Egypt’s new political order in the making
Plans underway to amend Constitution to extend Sisi’s term and grant him sweeping powers as lifetime head of ‘High Council for Protection of Constitution’
 
 
 

Plans to amend Egypt’s Constitution — including those that would extend President Abdel Fattah al-Sisi’s term in office — are underway, with changes to be introduced in the first half of 2019, according to three different sources in the president’s office, the General Intelligence Service (GIS) and Parliament who have attended private meetings within various state bodies in recent months.

The amendments, said to be Sisi’s first major endeavor in the coming year, will see him retain his position as Egypt’s president beyond 2022, which should mark the end of his second and final term in office, according to the current Constitution.

Sisi swore an oath to respect the current constitutional term limit twice, once when he became president in June 2014, and again when he was reelected in June 2018.

Yet, in September 2015, one year after he was first elected, the president hinted at possible changes to the Constitution, saying, “The Egyptian Constitution was written with good intentions, but states aren’t built solely on good intentions.”

Since then, there have been widespread expectations that the Constitution will be amended with the aim of undermining the separation of powers of state institutions and, ultimately, restoring these powers, which had been bestowed to Parliament in 2014, back into the hands of president.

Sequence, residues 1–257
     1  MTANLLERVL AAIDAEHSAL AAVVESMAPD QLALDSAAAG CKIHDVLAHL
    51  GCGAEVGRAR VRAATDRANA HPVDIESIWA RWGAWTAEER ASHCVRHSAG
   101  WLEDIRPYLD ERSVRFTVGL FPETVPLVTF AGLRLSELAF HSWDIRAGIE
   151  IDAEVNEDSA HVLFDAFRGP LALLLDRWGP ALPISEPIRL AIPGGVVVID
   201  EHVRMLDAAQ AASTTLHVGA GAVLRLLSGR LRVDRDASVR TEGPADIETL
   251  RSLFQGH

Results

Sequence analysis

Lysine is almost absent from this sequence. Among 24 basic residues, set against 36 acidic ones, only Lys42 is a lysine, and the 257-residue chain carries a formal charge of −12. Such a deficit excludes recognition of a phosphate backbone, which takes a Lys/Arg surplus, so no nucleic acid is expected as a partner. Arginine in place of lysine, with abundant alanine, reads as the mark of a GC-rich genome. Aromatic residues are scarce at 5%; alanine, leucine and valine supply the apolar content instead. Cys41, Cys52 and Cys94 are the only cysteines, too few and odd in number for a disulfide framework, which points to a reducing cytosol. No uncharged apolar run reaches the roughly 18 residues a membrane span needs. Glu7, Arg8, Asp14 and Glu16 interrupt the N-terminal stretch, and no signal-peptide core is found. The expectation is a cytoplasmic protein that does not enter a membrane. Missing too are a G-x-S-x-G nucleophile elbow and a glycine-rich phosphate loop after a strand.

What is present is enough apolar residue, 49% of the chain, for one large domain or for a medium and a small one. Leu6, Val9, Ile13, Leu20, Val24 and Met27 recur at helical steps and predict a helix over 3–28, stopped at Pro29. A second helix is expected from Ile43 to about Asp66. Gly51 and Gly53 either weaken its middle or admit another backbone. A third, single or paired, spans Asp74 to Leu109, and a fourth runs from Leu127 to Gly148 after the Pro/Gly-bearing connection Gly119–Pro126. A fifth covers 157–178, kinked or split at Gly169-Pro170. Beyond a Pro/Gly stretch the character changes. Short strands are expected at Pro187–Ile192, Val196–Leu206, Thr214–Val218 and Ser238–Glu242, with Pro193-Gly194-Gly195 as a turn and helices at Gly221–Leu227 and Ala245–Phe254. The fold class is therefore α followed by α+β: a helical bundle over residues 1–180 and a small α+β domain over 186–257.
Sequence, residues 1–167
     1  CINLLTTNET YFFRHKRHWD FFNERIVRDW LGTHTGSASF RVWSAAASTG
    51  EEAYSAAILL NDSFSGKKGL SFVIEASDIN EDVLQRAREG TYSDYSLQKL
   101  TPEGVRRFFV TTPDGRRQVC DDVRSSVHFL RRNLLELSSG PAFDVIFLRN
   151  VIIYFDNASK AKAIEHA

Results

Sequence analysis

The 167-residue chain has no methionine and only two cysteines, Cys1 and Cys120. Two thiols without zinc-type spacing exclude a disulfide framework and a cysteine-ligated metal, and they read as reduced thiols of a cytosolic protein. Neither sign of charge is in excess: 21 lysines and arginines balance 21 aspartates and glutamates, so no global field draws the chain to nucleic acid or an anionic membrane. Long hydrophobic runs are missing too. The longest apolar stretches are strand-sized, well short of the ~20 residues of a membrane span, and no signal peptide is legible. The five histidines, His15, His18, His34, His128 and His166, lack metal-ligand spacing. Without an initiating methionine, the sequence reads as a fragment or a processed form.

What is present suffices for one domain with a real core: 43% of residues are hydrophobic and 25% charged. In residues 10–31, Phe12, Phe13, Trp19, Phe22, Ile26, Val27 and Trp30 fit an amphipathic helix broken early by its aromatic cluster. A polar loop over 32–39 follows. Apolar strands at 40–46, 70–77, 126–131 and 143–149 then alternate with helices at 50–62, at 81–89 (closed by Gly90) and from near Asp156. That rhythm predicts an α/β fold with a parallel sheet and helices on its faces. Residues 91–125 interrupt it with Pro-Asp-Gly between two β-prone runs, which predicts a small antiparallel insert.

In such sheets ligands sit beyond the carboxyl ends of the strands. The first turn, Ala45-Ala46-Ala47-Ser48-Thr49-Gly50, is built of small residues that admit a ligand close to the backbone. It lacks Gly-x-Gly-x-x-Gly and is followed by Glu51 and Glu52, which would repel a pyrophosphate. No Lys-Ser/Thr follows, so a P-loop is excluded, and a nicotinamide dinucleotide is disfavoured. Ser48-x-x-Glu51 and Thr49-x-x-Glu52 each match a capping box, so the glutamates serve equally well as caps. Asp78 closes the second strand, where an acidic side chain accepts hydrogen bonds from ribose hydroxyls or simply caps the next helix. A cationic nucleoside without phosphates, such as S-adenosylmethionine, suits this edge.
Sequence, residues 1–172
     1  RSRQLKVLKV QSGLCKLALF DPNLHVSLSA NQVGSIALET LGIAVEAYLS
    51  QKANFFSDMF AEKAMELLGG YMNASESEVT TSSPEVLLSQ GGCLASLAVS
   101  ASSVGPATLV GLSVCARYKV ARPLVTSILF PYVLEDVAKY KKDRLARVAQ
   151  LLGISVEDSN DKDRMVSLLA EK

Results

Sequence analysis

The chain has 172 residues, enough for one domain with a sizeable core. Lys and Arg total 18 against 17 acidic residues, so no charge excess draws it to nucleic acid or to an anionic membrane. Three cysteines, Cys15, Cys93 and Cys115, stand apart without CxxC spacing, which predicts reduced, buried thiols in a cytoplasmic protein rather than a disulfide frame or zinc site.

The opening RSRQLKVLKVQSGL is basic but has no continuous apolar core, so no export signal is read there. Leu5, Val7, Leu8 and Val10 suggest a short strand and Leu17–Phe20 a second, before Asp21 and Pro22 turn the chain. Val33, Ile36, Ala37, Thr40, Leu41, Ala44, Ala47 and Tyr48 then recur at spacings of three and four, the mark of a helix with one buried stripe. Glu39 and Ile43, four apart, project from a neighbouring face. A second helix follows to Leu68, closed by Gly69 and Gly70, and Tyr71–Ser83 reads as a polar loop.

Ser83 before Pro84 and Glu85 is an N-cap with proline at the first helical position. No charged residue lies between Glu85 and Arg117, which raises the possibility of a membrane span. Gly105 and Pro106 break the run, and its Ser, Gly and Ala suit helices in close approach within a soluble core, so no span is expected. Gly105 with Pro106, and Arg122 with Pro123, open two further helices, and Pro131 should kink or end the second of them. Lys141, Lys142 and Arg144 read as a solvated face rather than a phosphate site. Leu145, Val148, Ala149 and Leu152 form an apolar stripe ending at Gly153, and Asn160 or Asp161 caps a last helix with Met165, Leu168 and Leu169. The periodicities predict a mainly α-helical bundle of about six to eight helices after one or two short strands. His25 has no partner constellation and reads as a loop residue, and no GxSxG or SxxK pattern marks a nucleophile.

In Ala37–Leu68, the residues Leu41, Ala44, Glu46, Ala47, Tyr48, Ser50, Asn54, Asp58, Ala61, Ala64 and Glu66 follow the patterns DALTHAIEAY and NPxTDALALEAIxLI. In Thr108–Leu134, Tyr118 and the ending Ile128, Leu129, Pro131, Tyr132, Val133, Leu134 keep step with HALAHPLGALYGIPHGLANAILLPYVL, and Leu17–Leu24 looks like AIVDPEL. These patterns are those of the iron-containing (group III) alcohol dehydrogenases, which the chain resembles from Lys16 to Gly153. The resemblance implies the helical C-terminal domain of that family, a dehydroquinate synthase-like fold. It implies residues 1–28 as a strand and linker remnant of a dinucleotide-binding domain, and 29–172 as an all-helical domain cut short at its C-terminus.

What amendments?

Meetings have been held on a nearly daily basis at the GIS headquarters between GIS officials and the president’s office in order to finalize the amendments and the date of the referendum through which they will be passed, according to several sources who separately confirmed the meetings to Mada Masr. The same sources say that Mahmoud al-Sisi, the president’s son — who currently holds a senior position within the GIS — is the person heading these meetings, under the supervision of General GIS head Abbas Kamel, who took part in several of the meetings himself.

The sources add that a number of suggestions have been agreed upon already, such as increasing the duration of the president’s term to six years instead of four, while keeping the term limit at two. The term extensions are to be applied retroactively, which would keep al-Sisi in office for a total of twelve years, or until 2026.

Meanwhile, the number of MPs in Parliament will be reduced to 350, instead of the current 595, and the Shura Council — the upper chamber of Parliament that was dissolved by the 2014 Constitution — will be reinstated to share legislative power with the House of Representatives.